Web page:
The big idea behind project ASPEN is that building a robust infrastructure for producing and disseminating research that is relevant to the implantation of evidence-based guidelines will increase the likelihood that such guidelines are adopted and implemented by policymakers.
Public policy has significant potential to improve people’s health when it is informed by science. Our goal is to ensure policymakers at all levels (local, state and national) have access to the best available research when considering policy solutions to public health problems.
Yet access is not the only barrier when encouraging policymakers to adopt scientifically sound best practices. Because of their additional responsibilities to the public and the far reaching consequences of their actions, policymakers are frequently concerned about the prospects of successfully implementing guidelines and recommendations from scientists and researchers, and subsequently producing intended positive health outcomes.
Put simply, the available science is often clear about what needs to happen but less so about how best to get it done.
A case in point is legislation to improve screening for adolescent depression. Adolescent depression is a growing public health problem in the United States, with recent estimates suggesting that as many as 13% of youth nationally (age 12-17) report suffering at least one major depressive episode in the past year. NJ ranks 4th in the nation on this indicator (10.5%), with a significant percentage (6.1%) also reporting co-occurring substance abuse, anxiety and disorderly behavior. The U.S. Preventive Services Task Force guidelines recommend routine screening for depression in children and adolescents aged 12 to 18-years-old. In response, 21 states (NJ included) recently introduced or are considering legislation that will mandate universal access to adolescent depression screening in public schools along these guidelines. Unfortunately, progress on pending legislation is stalling because there remains considerable ambiguity regarding the feasibility, cost, and potential unintended effects of mandating and implementing universal screening for adolescent depression in schools.
Knowledge Brokerage 2.0: Knowledge brokers, or intermediaries who already have robust established relationships with both policymakers and researchers, are often best situated to connected policymakers and researchers.
In the context of efforts to improve use of research evidence, knowledge brokering refers to the use of intermediaries – whether individuals, organizations, or structures – as mediators between researchers and intended users of research. Some familiar examples of knowledge brokers who are active in the public policymaking domain include lobbyists, advocates, think tanks, and journalists. Knowledge brokers have a crucial role in bringing relevant research to policymakers’ attention, translating or interpreting complex research for them, and making connections between research and specific policy-related problems and solutions. Knowledge brokers also build and maintain relationships with other actors who try to influence policy, and push policymakers to act according to scientific guidelines by holding them accountable for producing effective policy solutions to public problems.
Project ASPEN was designed with a particular group of such knowledge brokers in mind: patient advocacy organizations (PAOs). Established PAOs, such as the American Cancer Society (ACS) and the National Alliance on Mental Illness (NAMI), have a recognized and trusted brand; established relationships with scientists, policymakers, and other policy actors; organizational capacity (resources, skilled personnel, and relevant expertise) to broker research (many of them are dissemination partners of government health agencies); are sponsors of research themselves; and are routinely engaged in efforts to shape and influence policy. Research also shows that PAOs are already major brokers of research to state policymakers, who do not enjoy the same access to research that their national counterparts have.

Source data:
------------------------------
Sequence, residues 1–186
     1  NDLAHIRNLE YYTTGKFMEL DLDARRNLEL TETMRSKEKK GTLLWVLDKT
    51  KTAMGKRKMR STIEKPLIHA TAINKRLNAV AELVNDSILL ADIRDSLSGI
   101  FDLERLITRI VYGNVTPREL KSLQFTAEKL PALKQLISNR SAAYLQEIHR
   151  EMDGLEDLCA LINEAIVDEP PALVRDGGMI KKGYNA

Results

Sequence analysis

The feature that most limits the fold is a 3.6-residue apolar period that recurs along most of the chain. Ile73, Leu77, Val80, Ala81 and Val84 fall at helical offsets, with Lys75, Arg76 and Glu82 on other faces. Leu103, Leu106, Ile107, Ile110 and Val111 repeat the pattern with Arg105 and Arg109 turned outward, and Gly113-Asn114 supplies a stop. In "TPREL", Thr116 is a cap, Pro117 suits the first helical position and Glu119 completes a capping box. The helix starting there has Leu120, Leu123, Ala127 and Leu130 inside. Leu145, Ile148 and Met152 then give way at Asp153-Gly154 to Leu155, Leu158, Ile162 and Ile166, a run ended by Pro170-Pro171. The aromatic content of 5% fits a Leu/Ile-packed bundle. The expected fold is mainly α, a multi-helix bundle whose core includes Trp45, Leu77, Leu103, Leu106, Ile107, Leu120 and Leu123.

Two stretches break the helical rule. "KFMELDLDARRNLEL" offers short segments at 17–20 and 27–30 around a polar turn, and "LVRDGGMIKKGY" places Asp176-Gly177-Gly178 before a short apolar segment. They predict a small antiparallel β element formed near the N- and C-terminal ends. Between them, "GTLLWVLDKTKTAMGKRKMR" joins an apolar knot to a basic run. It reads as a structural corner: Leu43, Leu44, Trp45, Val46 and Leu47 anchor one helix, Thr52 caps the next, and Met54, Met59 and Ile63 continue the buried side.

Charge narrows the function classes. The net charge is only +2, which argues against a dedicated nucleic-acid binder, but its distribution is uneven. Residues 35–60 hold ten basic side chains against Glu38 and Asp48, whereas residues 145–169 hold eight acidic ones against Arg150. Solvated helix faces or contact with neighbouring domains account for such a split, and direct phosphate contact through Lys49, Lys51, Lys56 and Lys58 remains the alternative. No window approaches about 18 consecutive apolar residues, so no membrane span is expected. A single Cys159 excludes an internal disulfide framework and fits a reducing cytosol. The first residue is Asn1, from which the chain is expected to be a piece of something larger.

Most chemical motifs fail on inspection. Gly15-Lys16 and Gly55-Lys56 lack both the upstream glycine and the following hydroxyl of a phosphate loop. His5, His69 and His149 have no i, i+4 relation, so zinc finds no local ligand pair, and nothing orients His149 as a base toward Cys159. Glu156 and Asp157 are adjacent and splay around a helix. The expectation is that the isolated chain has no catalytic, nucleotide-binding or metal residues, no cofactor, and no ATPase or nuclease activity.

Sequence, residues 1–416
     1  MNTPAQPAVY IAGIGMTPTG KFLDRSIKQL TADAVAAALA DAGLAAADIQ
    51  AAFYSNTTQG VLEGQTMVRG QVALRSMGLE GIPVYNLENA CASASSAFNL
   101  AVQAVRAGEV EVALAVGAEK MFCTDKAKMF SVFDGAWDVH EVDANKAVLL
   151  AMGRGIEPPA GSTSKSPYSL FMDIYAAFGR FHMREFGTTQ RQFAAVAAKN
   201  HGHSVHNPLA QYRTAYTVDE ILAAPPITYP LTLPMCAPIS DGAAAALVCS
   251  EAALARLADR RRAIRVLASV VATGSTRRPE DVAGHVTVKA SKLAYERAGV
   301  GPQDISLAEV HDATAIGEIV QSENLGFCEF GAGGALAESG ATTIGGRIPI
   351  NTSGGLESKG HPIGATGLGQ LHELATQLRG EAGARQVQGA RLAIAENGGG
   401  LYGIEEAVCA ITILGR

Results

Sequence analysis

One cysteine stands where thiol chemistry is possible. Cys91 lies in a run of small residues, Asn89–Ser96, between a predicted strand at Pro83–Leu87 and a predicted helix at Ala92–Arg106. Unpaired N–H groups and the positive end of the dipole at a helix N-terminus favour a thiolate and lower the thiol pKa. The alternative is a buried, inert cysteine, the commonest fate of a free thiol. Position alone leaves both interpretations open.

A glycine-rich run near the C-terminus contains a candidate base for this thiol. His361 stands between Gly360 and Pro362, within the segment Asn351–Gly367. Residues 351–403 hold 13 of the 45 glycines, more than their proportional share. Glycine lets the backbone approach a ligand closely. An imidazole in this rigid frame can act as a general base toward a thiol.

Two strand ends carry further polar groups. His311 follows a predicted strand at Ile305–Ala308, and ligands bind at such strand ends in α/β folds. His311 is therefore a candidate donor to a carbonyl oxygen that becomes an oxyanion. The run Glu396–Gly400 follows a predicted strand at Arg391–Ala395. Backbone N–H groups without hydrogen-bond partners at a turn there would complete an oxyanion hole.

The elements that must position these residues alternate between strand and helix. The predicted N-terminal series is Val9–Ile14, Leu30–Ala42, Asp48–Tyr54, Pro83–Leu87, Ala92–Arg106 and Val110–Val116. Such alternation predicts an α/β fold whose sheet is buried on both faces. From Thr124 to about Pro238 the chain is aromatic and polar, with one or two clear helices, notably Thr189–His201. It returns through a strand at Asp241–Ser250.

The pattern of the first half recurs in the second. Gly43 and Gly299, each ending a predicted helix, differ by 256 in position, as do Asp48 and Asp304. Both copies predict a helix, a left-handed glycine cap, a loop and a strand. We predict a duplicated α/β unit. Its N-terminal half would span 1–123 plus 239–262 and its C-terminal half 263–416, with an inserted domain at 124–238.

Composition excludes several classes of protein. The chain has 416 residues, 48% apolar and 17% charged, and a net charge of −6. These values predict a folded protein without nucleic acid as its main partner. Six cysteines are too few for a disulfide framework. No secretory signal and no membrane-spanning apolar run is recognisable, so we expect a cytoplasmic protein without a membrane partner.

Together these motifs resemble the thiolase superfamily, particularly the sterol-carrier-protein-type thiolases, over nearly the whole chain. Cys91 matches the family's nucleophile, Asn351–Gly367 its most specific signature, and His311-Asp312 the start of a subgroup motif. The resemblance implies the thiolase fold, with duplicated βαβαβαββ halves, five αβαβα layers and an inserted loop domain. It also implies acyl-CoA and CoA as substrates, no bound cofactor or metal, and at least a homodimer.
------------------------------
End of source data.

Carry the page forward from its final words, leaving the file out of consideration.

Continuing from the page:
The primary goal of project ASPEN is to work collaboratively with an established PAO, the National Alliance on Mental Illness New Jersey (NAMI NJ), to produce and disseminate research that is relevant to the implementation of universal screening for adolescent depression in NJ’s public schools. The specific objectives of the project are: (1) to produce research that is directly relevant to key aspects of implementing universal screening for depression in schools; (2) establish a mechanism (a knowledge portal) for brokering this research to policymakers and other actors active in the youth mental health policy field; and (3) enhance NAMI NJ’s capacity to broker research effectively by providing science and strategic communication training.
This three-year project (July 2019 – June 2022) will progress through three phases. In Phase 1 of the study (year 1), we will produce original research that state policymakers and other policy stakeholders (advocates, mental health professionals, school personnel, and parents) perceive to be highly relevant to the implementation of universal screening for adolescent depression in schools. In addition, we will gather other relevant research from external sources.
In Phase 2 of the study (year 2), we will collaborate with our research partner (NAMI NJ) to co-design the pretest the ASPEN portal. We will next use the portal to widely disseminate a range of Project ASPEN-branded research products and track their use by policymakers, other knowledge brokers, journalists, and social media influencers.
In Phase 3 of the study (year 3), we will provide a targeted science and strategic communication training to a selected group of NAMI Smarts for Advocacy trainees and track their use of these strategies in support of their advocacy efforts compared to a group of trainees that did not receive the additional training.